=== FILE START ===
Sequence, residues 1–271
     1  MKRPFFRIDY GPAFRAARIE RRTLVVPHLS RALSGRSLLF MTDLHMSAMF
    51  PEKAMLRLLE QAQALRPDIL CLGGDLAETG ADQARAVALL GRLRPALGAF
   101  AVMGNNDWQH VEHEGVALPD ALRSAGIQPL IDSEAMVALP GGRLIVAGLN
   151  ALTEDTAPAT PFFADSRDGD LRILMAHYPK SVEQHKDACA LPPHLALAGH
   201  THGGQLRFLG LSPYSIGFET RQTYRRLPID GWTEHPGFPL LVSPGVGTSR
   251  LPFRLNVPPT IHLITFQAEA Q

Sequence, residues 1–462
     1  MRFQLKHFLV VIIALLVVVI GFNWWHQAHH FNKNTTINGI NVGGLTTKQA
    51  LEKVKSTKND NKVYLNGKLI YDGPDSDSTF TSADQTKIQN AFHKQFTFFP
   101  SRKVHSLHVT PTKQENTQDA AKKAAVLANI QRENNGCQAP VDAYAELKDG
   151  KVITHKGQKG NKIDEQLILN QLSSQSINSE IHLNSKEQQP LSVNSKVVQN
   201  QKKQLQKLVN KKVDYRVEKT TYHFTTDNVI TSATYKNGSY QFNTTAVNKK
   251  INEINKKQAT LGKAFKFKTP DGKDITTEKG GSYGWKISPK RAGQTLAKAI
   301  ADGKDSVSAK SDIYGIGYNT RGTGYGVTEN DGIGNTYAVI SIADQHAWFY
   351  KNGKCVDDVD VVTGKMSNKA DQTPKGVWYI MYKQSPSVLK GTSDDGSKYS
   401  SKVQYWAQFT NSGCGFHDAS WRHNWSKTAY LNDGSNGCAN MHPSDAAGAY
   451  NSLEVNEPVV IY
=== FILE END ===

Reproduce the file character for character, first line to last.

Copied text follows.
Sequence, residues 1–271
     1  MKRPFFRIDY GPAFRAARIE RRTLVVPHLS RALSGRSLLF MTDLHMSAMF
    51  PEKAMLRLLE QAQALRPDIL CLGGDLAETG ADQARAVALL GRLRPALGAF
   101  AVMGNNDWQH VEHEGVALPD ALRSAGIQPL IDSEAMVALP GGRLIVAGLN
   151  ALTEDTAPAT PFFADSRDGD LRILMAHYPK SVEQHKDACA LPPHLALAGH
   201  THGGQLRFLG LSPYSIGFET RQTYRRLPID GWTEHPGFPL LVSPGVGTSR
   251  LPFRLNVPPT IHLITFQAEA Q

Sequence, residues 1–462
     1  MRFQLKHFLV VIIALLVVVI GFNWWHQAHH FNKNTTINGI NVGGLTTKQA
    51  LEKVKSTKND NKVYLNGKLI YDGPDSDSTF TSADQTKIQN AFHKQFTFFP
   101  SRKVHSLHVT PTKQENTQDA AKKAAVLANI QRENNGCQAP VDAYAELKDG
   151  KVITHKGQKG NKIDEQLILN QLSSQSINSE IHLNSKEQQP LSVNSKVVQN
   201  QKKQLQKLVN KKVDYRVEKT TYHFTTDNVI TSATYKNGSY QFNTTAVNKK
   251  INEINKKQAT LGKAFKFKTP DGKDITTEKG GSYGWKISPK RAGQTLAKAI
   301  ADGKDSVSAK SDIYGIGYNT RGTGYGVTEN DGIGNTYAVI SIADQHAWFY
   351  KNGKCVDDVD VVTGKMSNKA DQTPKGVWYI MYKQSPSVLK GTSDDGSKYS
   401  SKVQYWAQFT NSGCGFHDAS WRHNWSKTAY LNDGSNGCAN MHPSDAAGAY
   451  NSLEVNEPVV IY